On April 13, Governor Terry Branstad signed into law SF 2228, the Motor Vehicle Records and Dealer Licensing Act. The act amends Chapter 321 of Iowa Code 2016 to, among other things, require that the full price of the “documentary fee” included in the purchase of a motor vehicle be “clearly and conspicuously disclosed in any motor vehicle purchase agreement with the customer.” Defined as “a fee that may be charged to a customer by a motor vehicle dealer for the preparation of documents related to an application for motor vehicle registration and an application for issuance of a certificate of title, and the performance of other related services for the customer,” a documentary fee excludes costs or fees charged to a motor vehicle dealer or a dealer’s customer by a third party. For each vehicle sold in a transaction, a documentary fee is limited to $180, unless a form of electronic applications, titling, registering, and transfers is involved, at which point the documentary fee cannot exceed $155. Pursuant to SF 2228, the Department of Transportation must establish and implement a program to allow for electronic applications, titling, registering, and funds transfers for vehicles subject to registration by January 1, 2018.
On May 18, the CFPB issued a report titled “Single-Payment Vehicle Title Lending.” The report provides an overview of the CFPB’s analysis of “de-identified data from vehicle title lenders consisting of nearly 3.5 million loans made to over 400,000 borrowers in ten states during 2010-2013.” The CFPB examined loan patterns (re-borrowing and rates of default) for single-payment auto loan titles. A loan contained in the CFPB’s study has three possible outcomes: (i) repaid without subsequent borrowing; (ii) default; or (iii) re-borrowing on the same day or within a certain specified period (14, 30, or 60 days) of time after repayment. According to the report, auto title loans have high rates of consumers re-borrowing: “[o]ver 80% of vehicle title loans are re-borrowed on the same day a previous loan is repaid, and 87% of loans are re-borrowed within 60 days.” The CFPB further contends that only about one in every eight loan sequences is repaid without a consumer having to re-borrow. Additional findings highlighted in the report include: (i) approximately one-third of loan sequences default, with one in every five borrowers having a vehicle repossessed by the lender for failure to repay; and (ii) approximately two-thirds of the loans are in sequences of seven loans or more and about half are in sequences of ten or more loans, with no more than 15% of the sequences maintaining three loans or fewer. Read more…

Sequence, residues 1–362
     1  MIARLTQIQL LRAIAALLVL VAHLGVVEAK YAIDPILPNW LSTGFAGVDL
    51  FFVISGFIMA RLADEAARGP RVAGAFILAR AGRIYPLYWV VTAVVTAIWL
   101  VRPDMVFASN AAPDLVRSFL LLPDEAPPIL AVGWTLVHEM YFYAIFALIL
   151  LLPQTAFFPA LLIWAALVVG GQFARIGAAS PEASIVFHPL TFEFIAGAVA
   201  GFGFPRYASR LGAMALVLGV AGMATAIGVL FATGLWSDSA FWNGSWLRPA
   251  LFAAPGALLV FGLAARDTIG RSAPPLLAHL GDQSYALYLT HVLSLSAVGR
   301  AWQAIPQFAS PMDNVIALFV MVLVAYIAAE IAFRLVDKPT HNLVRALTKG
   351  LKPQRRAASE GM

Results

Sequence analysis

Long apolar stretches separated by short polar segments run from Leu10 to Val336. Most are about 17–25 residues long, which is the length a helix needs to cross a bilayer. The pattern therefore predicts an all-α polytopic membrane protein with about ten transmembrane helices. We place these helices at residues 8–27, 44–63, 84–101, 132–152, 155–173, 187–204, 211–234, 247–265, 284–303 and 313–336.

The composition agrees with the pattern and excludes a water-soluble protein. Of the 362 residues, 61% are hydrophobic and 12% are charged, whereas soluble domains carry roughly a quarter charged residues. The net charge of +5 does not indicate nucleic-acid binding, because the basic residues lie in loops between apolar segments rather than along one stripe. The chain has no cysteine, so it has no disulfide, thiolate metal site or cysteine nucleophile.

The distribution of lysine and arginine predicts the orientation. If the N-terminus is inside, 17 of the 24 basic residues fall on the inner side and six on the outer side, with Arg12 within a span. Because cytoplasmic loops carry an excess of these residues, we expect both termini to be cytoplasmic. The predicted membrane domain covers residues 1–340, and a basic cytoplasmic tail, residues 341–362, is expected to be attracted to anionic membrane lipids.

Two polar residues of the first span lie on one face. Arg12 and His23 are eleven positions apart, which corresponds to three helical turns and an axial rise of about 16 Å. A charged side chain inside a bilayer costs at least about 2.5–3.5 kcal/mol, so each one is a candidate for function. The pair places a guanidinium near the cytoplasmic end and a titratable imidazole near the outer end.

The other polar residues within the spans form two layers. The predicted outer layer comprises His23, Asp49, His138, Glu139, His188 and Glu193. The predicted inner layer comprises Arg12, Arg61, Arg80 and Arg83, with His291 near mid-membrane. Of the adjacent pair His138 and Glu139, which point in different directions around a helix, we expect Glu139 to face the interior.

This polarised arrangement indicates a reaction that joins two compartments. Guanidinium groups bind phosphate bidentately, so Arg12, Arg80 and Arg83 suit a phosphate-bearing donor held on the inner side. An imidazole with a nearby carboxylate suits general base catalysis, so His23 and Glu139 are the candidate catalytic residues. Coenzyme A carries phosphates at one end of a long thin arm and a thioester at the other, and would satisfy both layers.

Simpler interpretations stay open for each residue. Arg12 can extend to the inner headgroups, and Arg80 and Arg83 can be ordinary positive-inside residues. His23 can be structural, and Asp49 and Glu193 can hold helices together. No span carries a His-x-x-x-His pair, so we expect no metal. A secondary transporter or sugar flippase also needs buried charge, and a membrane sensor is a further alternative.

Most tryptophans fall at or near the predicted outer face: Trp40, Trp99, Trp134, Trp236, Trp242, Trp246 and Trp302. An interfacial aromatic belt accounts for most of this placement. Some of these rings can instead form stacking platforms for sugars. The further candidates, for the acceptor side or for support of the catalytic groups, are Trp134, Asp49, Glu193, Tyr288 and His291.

On April 4, Alabama Governor Robert Bentley signed into law HB 7, which amends Section 8-32-2 of the Code of Alabama. Specifically, the bill defines road hazard and expands the definition of a vehicle service contract to include (i) certain damages caused by a road hazard; (ii) the replacement of an inoperable, lost, or stolen key or key fob; and (iii) other services approved by the Alabama Commissioner of Insurance.
Massachusetts AG Healey Continues Subprime Auto Loan Review; Lenders to Pay $7.4 Million in Consumer Relief
On March 16, Massachusetts AG Maura Healey announced that two national auto lenders, based in South Carolina and California respectively, agreed to collectively pay $7.4 million in relief to more than two thousand Massachusetts consumers to resolve allegations that they charged excessive interest rates on subprime auto loans. Under the terms of the assurance of discontinuance, the companies will eliminate the alleged excessive interest on certain loans resulting from add-on GAP insurance coverage, forgive outstanding interest on the loans, and reimburse consumers that already paid interest. The South Carolina-based lender will pay approximately $1.7 million in relief to consumers, while the California-based lender will pay the remaining $5.7 million. The settlement agreements further require the lenders to pay $225,000 for implementation of the agreements and to undergo additional auditing to determine if other loans are subject to refunds.
These settlements are part of AG Healey’s subprime loan review initiative. In November 2015, as part of this initiative, AG Healey announced a $5.4 million settlement with a national auto lender to resolve allegations similarly related to the practice of charging inflated interest rates because of add-on GAP insurance coverage.
On March 11, the Maryland House Committee on Economic Matters reported unfavorably on Maryland House Bill 530. Introduced on February 1, 2016, the bill would have repealed and reenacted, with amendments, Maryland Commercial Law and Annotated Code of Maryland by adding language requiring an assignee of certain documents – retail installment agreements, a note, or other evidence of a loan – relating to the finance purchase of a motor vehicle to provide payment to the seller of the motor vehicle within two business days after approval of the assignment. After the unfavorable report, the bill was withdrawn from consideration.